The fact that very little details exist in the book made it easier to design, James worked out the mechanics, Patrick made sure it stayed true to the game he describes in his world and that lives in his imagination.  During the process of bringing the game to life, James and Patrick have developed a rich history of the game.  Everything from where Tak originates, how it evolved through the ages, and the different variations that exist in the current timeline of Kvothe.  However, some of these details we may never know unless they make it into The Kingkiller Chronicle.  The rules on the website are described as the modern version, with some references to rule variants from antiquity.

Tak Prototype Box, not final art.

Tak Prototype Box, not final art.

The game board is divided into squares, again, think Chess or Go.  The board can be any size from 3×3 to 8×8 or larger, but the game is most commonly played 5×5 or 6×6. The 3×3 game is trivially simple, and the 4×4 game is typically reserved for children and new players.  The 7×7 game is rarely played, but the 8×8 game is sometimes considered the Master’s Game.  Kvothe would play on the 8×8 board or higher as he has no problems keep track of many things in his head.

The different variations, as of this writing, are:
The Beginner’s Game
The Traveler’s or Tavern Game
The Court Game
The Master’s Game

Patrick made the comment, “It’s about playing against your opponent’s best game.” To that effect, allowing another player to take back moves and reset the board can be part of gameplay and is encouraged.  It’s also considered polite to show your opponent where your next winning move may be to ensure they do not miss something on the board.  Of course, you can also play cutthroat where you attempt to be sneaky and capitalize on mistakes to steal the win.  Both play styles are allowed, Patrick plays the polite “Courtly Game”, James plays the “Traveler’s or Tavern Game”.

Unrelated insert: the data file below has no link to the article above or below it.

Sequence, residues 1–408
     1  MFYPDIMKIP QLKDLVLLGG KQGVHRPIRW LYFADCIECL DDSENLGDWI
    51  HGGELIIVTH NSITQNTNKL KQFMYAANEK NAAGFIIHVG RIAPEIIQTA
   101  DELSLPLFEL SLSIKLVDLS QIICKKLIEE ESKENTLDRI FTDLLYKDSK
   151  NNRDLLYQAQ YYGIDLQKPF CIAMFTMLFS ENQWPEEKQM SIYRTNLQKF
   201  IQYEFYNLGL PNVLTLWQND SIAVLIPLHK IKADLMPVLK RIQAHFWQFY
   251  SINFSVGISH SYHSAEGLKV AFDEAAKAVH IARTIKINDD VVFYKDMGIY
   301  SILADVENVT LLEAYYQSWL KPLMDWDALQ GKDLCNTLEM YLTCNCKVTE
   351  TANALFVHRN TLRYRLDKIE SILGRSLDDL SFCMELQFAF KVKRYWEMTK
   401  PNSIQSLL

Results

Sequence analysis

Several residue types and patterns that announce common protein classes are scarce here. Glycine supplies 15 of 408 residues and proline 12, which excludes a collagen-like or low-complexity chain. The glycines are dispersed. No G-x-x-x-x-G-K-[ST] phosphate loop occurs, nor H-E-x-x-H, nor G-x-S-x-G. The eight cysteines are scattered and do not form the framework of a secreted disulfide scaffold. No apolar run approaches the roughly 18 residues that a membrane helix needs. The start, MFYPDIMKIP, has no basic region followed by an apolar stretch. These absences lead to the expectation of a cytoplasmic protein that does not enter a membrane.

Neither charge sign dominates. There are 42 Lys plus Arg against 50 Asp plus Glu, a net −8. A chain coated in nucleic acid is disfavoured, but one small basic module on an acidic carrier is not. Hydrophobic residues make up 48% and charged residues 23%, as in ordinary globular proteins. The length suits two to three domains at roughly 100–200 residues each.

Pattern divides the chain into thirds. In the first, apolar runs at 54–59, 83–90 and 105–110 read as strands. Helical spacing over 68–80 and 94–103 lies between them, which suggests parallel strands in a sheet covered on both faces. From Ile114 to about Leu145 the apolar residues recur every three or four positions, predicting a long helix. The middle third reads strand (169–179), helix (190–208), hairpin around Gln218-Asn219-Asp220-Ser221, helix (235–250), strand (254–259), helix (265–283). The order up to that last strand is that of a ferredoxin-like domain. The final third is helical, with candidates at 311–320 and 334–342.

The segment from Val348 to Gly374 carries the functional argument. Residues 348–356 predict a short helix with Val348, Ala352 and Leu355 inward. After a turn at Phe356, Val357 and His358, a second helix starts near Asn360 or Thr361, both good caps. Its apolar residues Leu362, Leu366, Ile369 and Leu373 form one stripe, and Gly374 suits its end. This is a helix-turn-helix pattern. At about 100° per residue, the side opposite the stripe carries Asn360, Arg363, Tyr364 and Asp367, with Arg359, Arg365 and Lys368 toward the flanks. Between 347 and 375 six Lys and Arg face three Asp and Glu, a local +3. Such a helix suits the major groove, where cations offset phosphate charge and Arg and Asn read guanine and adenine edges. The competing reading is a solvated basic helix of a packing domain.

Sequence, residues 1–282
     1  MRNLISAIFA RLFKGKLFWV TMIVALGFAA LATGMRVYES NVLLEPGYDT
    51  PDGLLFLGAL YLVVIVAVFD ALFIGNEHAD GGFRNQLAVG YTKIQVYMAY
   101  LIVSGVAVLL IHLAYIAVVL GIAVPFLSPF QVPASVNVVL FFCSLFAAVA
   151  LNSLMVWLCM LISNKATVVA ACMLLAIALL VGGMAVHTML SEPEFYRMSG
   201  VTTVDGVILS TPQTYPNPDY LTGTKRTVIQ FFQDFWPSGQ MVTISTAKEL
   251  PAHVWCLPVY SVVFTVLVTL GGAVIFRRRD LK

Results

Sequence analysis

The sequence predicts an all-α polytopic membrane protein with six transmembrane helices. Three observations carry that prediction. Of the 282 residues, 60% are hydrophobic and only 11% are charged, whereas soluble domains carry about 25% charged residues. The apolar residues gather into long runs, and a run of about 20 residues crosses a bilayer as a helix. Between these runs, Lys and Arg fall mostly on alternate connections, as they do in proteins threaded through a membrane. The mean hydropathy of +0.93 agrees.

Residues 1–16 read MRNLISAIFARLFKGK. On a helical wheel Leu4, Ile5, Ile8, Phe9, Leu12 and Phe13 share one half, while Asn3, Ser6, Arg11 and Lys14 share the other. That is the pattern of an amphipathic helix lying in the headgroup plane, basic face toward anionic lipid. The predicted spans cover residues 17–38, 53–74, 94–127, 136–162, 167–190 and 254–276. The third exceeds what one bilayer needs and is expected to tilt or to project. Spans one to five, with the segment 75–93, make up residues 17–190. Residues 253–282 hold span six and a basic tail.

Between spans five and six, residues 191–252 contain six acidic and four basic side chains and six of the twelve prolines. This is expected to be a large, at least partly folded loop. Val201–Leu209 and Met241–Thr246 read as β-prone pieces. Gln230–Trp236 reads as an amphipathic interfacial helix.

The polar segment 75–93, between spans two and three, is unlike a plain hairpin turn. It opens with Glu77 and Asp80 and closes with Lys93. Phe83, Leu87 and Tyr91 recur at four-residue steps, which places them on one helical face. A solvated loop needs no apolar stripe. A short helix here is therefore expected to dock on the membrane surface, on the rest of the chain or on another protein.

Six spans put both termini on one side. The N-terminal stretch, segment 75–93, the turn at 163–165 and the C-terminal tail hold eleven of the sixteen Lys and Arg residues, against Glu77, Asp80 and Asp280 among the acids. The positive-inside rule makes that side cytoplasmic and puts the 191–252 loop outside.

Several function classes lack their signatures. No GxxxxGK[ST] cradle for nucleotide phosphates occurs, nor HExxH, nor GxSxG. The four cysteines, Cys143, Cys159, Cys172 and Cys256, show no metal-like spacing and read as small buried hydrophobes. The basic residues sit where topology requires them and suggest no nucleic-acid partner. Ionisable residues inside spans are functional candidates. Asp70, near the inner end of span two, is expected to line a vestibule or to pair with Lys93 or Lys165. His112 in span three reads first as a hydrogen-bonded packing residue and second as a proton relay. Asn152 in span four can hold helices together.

So, how do you get your very own shiny copy of Tak?  Simple, the Kickstarter will launch on April 19th.  As of this writing, there is no word on what exactly will be available in the Kickstarter but it will be a full, complete, physical version of the game.  The long goal is to make different version, maybe metal, stone, coins, etc but that all depends on how well the Kickstarter does.  If this proves to be a viable concept and there is indeed a market for it, Patrick and James have not ruled out the possibility of creating special versions.  Of course, these special and probably limited versions of the game may only be available to benefit Patrick’s charity, Worldbuilders.

Tak reflects the subtle turning of the world. It is a mirror we hold to life. No one wins a dance, boy. The point of dancing is the motion that a body makes. A well-played game of tak reveals the moving of a mind. There is a beauty to these things for those with eyes to see it.